Anyway, I was really excited about this project from the moment I was asked to do it. A cookie set for a jigsaw and gardening enthusiast, to take the place of a cake at his birthday party. All the design elements were requested: greenhouse, favourite plants and ducks, gardening tools, I just had to figure out how to put it all together.
As usual, when something like this comes my way, I do most of my planning as I'm falling asleep, until by the time I have to start making it, I really only do a few small sketches. In fact for this project I scribbled two thumbnails. This sort of design kind of forms itself as I'm piping to be honest.
One other aspect kept me occupied as much as the design though, and that was how to create a jigsaw with enough intricacy, where the pieces fit together tightly. My cookie recipe is a light, crisp shortbread style biscuit (recipe here and cookie baking tips here) but does spread just a little. Not enough to worry about usually but when the shapes need to fit tightly it can be a problem. With this dinosaur cookiesaw I used my microplane, but its flat surface meant I had to keep the curves fairly shallow. So after a little googling I came up with a six inch, coarse 'bastard cut' file much like this one, though searching on ebay will throw up much cheaper options.
It's a small, round, coarse file presumably intended for metal or woodwork. It was cheap and very rough, and perfect. (I did of course give it a long soapy soak, a thorough scrub, and dried off in a hot oven to ensure it was safe for food use first!). In fact it worked even better than I hoped. I simply used it to 'carve' the curves here and there, constantly adjusting and testing until all the pieces fit as tightly as I could make it.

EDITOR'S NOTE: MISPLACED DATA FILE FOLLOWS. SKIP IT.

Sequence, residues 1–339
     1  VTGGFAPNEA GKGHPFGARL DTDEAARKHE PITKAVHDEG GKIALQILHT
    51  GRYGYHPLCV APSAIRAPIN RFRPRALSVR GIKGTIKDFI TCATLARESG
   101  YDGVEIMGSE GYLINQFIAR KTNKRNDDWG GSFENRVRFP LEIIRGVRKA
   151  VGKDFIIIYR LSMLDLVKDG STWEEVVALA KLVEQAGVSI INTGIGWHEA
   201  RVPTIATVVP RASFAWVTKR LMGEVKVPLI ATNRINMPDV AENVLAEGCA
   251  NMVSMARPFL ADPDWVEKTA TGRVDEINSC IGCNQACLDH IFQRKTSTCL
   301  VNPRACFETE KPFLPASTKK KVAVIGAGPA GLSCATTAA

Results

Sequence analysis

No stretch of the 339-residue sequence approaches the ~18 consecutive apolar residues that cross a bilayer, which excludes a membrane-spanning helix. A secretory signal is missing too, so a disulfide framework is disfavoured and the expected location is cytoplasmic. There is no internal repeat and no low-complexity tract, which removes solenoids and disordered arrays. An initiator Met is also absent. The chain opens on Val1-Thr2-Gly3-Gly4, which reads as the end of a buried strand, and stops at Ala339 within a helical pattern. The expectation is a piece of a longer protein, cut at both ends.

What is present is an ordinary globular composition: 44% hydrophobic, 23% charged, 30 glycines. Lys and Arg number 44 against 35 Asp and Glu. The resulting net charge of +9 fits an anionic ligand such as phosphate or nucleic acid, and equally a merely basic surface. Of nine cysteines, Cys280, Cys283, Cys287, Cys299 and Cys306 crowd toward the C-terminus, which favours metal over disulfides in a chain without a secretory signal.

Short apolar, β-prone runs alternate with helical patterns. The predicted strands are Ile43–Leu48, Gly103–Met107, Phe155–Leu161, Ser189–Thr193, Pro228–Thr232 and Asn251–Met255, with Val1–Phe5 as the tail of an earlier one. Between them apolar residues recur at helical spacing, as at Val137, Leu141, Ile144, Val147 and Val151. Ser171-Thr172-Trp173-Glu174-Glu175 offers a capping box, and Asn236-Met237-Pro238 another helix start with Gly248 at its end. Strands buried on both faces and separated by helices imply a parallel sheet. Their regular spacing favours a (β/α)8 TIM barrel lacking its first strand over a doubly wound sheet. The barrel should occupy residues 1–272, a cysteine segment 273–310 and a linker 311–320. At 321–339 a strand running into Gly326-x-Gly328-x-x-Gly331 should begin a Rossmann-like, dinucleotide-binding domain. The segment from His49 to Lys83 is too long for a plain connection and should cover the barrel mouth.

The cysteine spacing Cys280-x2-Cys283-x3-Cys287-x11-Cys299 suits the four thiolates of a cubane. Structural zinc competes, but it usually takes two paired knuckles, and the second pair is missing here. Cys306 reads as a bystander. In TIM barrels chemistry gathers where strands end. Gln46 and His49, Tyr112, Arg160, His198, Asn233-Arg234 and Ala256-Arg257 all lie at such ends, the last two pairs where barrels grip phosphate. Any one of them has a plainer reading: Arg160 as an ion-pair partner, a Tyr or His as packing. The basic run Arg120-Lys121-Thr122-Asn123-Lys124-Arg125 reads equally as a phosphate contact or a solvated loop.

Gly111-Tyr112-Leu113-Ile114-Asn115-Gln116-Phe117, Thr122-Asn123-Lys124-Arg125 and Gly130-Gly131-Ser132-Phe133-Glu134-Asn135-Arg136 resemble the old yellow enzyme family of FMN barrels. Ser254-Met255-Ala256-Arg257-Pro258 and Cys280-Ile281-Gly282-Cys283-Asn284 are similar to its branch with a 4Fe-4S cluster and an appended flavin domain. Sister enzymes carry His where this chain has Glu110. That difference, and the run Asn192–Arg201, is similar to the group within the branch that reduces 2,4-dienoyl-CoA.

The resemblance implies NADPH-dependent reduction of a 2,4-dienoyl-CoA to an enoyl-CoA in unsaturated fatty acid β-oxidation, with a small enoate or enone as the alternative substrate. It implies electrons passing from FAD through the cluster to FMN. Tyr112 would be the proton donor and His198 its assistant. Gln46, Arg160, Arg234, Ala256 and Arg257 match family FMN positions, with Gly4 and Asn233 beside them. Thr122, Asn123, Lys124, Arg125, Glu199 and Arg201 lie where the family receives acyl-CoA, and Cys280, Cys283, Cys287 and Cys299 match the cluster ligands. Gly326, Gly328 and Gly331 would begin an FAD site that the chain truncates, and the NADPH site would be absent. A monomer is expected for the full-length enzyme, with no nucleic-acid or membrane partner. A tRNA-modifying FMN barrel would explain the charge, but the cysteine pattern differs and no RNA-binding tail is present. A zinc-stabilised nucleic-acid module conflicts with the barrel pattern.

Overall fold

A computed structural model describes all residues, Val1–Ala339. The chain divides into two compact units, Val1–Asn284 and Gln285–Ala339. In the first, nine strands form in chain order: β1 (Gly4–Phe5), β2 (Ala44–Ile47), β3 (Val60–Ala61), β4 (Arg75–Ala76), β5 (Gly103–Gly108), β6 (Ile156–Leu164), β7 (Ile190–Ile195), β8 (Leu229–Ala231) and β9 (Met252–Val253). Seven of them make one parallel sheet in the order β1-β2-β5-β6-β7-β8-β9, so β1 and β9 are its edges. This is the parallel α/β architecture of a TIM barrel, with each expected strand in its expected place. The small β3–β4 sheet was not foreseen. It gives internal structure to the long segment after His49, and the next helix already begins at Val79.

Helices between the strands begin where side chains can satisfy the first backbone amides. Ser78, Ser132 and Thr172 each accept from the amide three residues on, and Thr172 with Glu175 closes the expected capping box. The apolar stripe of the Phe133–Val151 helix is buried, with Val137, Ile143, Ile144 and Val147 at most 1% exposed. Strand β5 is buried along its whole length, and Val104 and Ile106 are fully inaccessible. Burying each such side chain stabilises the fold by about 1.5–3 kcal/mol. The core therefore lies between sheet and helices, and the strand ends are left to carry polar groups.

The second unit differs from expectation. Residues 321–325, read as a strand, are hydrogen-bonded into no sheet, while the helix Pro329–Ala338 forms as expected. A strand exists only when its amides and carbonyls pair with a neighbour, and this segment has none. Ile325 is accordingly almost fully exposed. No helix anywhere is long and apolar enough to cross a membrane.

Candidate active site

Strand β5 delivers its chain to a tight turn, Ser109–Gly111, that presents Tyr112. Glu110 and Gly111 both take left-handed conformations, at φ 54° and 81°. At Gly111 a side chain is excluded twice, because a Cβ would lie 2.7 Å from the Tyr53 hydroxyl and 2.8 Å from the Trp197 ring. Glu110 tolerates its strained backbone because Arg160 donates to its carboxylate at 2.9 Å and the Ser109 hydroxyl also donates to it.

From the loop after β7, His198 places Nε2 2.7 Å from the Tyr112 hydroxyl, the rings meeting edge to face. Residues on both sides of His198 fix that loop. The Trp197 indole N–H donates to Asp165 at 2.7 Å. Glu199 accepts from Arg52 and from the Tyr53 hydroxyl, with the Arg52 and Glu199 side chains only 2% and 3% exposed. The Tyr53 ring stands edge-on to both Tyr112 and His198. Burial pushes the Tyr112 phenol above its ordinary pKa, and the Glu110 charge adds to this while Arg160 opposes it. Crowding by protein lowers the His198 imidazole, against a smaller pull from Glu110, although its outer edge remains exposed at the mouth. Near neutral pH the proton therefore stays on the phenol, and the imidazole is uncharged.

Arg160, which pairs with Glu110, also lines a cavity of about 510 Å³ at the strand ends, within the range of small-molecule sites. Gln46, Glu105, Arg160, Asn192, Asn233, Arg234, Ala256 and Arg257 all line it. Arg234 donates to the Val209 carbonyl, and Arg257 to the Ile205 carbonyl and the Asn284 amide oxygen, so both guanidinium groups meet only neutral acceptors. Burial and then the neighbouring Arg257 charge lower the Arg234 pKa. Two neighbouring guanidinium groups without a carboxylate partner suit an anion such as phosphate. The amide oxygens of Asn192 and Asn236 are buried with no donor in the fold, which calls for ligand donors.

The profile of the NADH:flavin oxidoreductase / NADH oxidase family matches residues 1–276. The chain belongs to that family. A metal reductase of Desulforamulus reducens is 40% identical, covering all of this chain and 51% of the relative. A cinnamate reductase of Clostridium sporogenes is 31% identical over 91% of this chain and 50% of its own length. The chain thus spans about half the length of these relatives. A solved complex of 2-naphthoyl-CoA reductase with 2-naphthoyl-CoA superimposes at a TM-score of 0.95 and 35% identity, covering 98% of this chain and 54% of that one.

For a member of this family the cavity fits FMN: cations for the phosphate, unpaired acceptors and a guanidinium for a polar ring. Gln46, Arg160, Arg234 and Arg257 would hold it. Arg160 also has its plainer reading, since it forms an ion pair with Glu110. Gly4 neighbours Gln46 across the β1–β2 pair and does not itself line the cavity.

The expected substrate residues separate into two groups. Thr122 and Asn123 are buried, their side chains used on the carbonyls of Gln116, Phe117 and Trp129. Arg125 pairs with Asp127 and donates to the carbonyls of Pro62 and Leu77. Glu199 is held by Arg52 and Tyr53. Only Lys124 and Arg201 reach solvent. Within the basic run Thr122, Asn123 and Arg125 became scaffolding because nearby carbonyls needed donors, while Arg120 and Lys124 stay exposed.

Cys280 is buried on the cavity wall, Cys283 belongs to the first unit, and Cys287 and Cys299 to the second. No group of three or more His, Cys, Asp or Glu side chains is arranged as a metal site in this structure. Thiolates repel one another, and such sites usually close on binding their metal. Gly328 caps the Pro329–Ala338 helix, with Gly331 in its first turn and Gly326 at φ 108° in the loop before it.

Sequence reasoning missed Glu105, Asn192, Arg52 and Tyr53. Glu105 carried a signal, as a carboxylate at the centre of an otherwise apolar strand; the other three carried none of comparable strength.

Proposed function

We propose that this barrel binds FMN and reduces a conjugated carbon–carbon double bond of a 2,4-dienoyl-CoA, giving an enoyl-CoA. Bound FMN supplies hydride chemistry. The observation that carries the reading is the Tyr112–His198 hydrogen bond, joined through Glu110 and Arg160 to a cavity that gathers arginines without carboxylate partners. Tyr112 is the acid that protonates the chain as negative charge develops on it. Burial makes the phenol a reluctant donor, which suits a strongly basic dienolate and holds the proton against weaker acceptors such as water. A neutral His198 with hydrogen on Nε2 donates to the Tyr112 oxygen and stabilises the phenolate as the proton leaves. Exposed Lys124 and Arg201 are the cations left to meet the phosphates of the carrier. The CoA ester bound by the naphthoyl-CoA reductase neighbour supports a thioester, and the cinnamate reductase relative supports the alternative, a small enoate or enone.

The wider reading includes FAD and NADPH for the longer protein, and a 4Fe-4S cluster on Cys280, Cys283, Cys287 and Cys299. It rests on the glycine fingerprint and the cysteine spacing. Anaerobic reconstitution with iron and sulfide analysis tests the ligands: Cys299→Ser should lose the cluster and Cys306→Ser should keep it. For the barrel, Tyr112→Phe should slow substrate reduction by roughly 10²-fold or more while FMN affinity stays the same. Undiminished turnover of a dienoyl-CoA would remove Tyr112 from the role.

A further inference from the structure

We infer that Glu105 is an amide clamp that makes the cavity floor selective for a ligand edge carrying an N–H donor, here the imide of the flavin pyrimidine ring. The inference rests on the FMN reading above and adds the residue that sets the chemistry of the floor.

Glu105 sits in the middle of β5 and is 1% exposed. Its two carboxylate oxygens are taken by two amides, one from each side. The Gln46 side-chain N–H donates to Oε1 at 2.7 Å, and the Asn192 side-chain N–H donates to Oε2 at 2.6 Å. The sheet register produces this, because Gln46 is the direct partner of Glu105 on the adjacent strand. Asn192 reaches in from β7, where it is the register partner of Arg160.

A plain base of white flood, carefully piped right to the edges of the cookies, and I was ready to go.
I didn't take a photograph of the painted base layer unfortunately, but I came to do it just as Sugar Pearls Bakes and Cakes published her final Cookie Connection tutorial, and it was the techniques in her tutorial I used to create the background colour, including the small drops of vodka, which is really effective! I simply used a large brush and moved from light blue down to dark green, dabbing and mottling, and adding further layers where necessary.
I only had to mix two colours of icing - light green and orange! The behind the scenes moments when I'm most proud of my planning skills usually involve keeping mixing to an absolute minimum. I reckoned I could get all the greens I wanted with that one base plus handpainting on top, and the whole variety of tomato colour starting with the orange icing.
I used a pico projector to pipe the greenhouse shape, but everything else was done by eye. I had a collection of photographs of the specified plants and ducks to refer to, and an idea for where I wanted the actual flowers, trusting that the foliage could be piped around to draw the whole design together.
When it came to painting, again I referred to the photographs of flowers, but I tried to ensure that each colour would complement the ones on either side. So obviously starting with red and orange tomatoes, I followed with yellow irises, then peachy-pink roses, deep rose pink camellias with violet aquilegias sprouting through them. The magnolias I kept pale against the sky.
I used the same painting technique as in my Robin cookie video: starting with basic blocks of pale colour, blending and adding darker, finer elements on top. I finished with a few garden tools here and there, subtle, blending into the background.
And then came the best bit - I had made royal icing transfers of bees, ladybirds and butterflies which I attached with enough RI 'glue' to give a little 'lift' so these elements were slightly raised. I usually ship my cookies so have to avoid doing this, so it was lovely to be able to add a third dimension to this set. A simple border of gold rectangular cookies, with one or two stray insects finished off the project.